So . . . why are you scared?
When you feel fear, the answer to that question usually seems obvious. Your heart is pounding because you’re on your way to a job interview. Or you just learned you’re expecting your first child. Perhaps you’re about to climb into an airplane that’s so small you have to tilt your head to get into your seat. Or there’s a global viral pandemic that’s ongoing.
We typically assume our fears are generated by this or that situation. We feel certain that if we could just change the circumstances — or, better yet, if some higher power would kindly rearrange them for us — we would feel better. Yet according to psychotherapist Richard Schaub, PhD, such assumptions not only ignore the real source of our discomfort, they can actually feed our anxieties.
In The End of Fear: A Spiritual Path for Realists, which Schaub cowrote with his wife, Bonney Gulino Schaub, RN, MS, he suggests that instead of believing our fear is a sign that circumstances need to change, we can reframe it as the result of our “innate love of life.”
Schaub believes that fear is triggered in part because we love life so much. We don’t want to lose it, and this makes us hypervigilant about threats — a vigilance that often manifests as outsized, anxious reactions like lashing out or shutting down.
Such reactions may work to keep us alive in dire circumstances (precisely what the survival instinct is designed to do), but day to day, these protective responses can diminish the quality of our lives and relationships.
“Until we realize that our fears originate in our own awareness of inevitable change and loss,” Schaub writes, “we blame them on causes outside of us, convinced that other people, places, and things are making us feel vulnerable and threatened.”
He offers case studies to show how efforts to avoid our mortality — or, as he regularly refers to it, our vulnerability — ultimately backfire. A successful businessman is unhinged by a midlife crisis as he begins to sense that no amount of material success will keep him alive forever. A woman who has long found comfort in her faith discovers it isn’t enough to protect her loved ones from harm. Conversely, her husband, who had always taken refuge in his rational skepticism, finds that logic fails him when he’s faced with loss and change.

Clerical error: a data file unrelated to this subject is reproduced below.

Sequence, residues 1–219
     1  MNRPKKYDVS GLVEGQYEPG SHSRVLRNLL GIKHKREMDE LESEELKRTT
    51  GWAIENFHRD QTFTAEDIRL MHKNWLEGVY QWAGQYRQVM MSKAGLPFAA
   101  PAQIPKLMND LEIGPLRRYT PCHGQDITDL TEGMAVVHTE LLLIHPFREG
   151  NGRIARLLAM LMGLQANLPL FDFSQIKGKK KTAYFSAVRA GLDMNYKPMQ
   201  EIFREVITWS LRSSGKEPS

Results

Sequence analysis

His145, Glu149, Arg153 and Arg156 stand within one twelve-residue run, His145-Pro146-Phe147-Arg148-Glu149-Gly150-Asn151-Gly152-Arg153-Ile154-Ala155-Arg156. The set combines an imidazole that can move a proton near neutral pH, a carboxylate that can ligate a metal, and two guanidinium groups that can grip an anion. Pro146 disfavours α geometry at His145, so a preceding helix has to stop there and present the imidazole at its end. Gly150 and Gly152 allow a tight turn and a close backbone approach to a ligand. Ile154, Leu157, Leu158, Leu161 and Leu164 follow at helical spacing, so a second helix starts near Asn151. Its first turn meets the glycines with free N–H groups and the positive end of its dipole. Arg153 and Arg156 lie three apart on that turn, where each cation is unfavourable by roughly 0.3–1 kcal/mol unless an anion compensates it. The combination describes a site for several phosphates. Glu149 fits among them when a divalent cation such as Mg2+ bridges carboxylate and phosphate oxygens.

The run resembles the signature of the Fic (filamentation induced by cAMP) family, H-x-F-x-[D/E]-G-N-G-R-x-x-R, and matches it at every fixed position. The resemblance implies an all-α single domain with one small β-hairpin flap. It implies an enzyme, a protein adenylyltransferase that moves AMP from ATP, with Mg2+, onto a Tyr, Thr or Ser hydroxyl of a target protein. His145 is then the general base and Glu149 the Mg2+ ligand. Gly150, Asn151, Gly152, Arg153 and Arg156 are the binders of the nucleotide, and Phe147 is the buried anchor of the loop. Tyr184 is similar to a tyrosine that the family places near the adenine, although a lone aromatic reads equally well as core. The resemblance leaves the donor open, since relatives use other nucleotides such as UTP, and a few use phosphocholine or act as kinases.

None of these very human attempts to handle fear — materialism, blind faith, entrenched skepticism — will provide the promised peace, Schaub believes. This is because each one relies on the idea that loss and death can, with the right formula, be cheated.
Does accepting vulnerability doom us to a life shrouded in a gloomy awareness that this is all going to end anyway? Absolutely not, says Schaub. In fact, if we can more accurately identify the real causes of our fear, it can help relieve us of the stressful experience of repressing our feelings — and allow us to become considerably more at ease.
“I consider fear to be absolutely normal, and something to be respected, so I don’t pathologize it at all,” Schaub says. “It doesn’t become a disorder for me. I think there’s a potential in fear to get to something good. It’s not like you just have to tolerate fear. You can find a skillful way to work with it, because it is, it exists, and it isn’t going away.”
He teaches simple methods to help quiet the mind and accept vulnerability as a natural state. They include taking a walk around the block while looking carefully at everyone through the lens of vulnerability — understanding that each person you see is just as susceptible to loss, change, and death as you are. This exercise has become altogether more salient during the coronavirus pandemic.
Another involves “turning toward fear with affection” and simply thanking it for trying to protect you and keep you living this life — one that, apparently, you really love. This fundamental desire for one’s own life can be a wonderful thing to notice, and it can wake us up to the present moment like nothing else.
“Surrender [is] an active decision,” Schaub writes, “an act of strength and courage, with serenity as its reward.”
Ultimately, cultivating an appreciation for our vulnerability teaches us that life can be enjoyed even if it can’t be controlled or prolonged forever. This attitude can also keep us from taking the people we love (and even the people we don’t like) for granted, since we don’t know how long they’ll be around.
Finally, it allows us to use fear, which usually springs up during moments of uncertainty, as an invitation to become curious — instead of worried.
“We believe that something bad or difficult is going to happen, but really, it’s all unknown,” Schaub concludes. “There’s a lot of unnecessary suffering about what might happen.”
When we understand the nature of fear, Schaub maintains, we can learn how to use it to wake ourselves up to a deeper love for life.